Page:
Drupal lessons learned

A while ago I was involved in a Drupal implementation, which was my first in depth Drupal experience. I like the flexibility and the functionality that is direclty available, but fear the mechanism of modules (especially when updates occur in an enterprise/live environment).

Drupal works very well, but there were some mistakes I made;

  1. Never use the user that you initially create when installing Drupal.
    The user user/1 has magical powers. Although you would not expect, it can do more than any other user. My advice: create a new administrator user account, assign it to the appropriate groups, and use this user (or any other) to administer your Drupal installation. I cannot recall where it went wrong in my case exactly, but in the mix of the Views and CCK modules I got stuck with content that could not be modified/removed by any other user dan my magical user/1. Keep this account when there is a need for a ‘God-mode’ only…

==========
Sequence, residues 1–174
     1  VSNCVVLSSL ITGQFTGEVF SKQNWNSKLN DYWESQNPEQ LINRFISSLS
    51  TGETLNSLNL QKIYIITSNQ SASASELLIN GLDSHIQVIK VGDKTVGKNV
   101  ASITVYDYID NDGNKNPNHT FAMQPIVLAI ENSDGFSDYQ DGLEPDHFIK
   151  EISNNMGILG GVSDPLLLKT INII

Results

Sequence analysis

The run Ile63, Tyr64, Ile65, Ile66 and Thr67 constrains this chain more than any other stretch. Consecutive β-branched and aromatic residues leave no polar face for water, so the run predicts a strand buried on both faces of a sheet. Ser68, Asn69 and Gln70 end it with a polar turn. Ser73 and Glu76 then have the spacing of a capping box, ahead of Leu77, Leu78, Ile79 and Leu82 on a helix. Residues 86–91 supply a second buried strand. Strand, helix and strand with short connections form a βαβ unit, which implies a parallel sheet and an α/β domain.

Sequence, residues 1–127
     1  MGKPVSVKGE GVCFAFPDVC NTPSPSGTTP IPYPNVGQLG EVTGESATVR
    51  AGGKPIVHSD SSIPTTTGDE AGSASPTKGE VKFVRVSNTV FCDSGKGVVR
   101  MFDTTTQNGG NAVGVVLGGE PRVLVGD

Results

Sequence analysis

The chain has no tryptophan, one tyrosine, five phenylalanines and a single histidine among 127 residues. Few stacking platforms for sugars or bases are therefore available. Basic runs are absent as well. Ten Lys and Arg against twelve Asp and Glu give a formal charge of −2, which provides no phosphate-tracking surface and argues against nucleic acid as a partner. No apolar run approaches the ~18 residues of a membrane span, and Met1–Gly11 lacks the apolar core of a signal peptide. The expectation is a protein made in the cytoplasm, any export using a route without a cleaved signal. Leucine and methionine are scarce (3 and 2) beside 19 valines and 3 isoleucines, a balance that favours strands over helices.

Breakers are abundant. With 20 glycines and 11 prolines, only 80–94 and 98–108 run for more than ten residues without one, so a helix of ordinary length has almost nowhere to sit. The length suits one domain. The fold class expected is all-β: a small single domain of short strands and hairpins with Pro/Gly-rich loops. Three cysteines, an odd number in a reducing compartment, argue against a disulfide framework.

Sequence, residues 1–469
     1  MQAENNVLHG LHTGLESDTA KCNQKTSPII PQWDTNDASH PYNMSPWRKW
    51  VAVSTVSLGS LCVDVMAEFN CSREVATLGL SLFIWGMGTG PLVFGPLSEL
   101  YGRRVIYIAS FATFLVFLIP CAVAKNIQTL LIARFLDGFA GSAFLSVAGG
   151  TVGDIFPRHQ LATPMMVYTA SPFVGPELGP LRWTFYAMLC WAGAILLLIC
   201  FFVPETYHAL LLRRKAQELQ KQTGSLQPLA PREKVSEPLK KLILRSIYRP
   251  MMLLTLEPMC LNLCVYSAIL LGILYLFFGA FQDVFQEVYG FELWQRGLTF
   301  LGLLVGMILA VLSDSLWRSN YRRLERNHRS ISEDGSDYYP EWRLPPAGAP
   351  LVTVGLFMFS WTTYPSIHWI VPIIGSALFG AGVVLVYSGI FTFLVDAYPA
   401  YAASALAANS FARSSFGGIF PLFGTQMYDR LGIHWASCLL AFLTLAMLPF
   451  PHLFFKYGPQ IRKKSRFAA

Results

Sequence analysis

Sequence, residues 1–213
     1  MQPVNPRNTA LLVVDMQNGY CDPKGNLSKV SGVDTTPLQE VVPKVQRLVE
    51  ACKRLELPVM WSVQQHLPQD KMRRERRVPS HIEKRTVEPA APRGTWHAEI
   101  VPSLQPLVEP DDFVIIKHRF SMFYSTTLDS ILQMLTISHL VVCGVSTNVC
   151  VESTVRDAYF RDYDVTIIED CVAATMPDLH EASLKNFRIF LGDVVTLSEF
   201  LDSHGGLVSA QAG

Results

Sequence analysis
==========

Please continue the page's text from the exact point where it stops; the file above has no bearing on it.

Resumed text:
2. Start in the language you use your site.
    I happen to start in English, and naively changed the site locale to Dutch (my native language). It happens that all content created, is stored in the locale you create it in. Half my content ended up being English, and the other half Dutch. The English pages just did not show up, when the locale was set Dutch… Eventually I removed all content and started over again, what a waiste of time. Apparently there happens to be no tool to change the locale of my content…
  3. Make frequent backups of the database.
    While developing your website (and playing around to define your functionality and look-and-feel), make frequent backups of your database. I had the problem that stuff got broken, and I had no clue why. It would have been nice if there was a way to compare the situation ‘before and after’, which would be possible if I could do a ‘diff’ on the SQL exported.

I am looking forward to discovering how to use Drupal in an Enterprise way. (And will be spending some time on integrating Drupal with Alfresco soon!)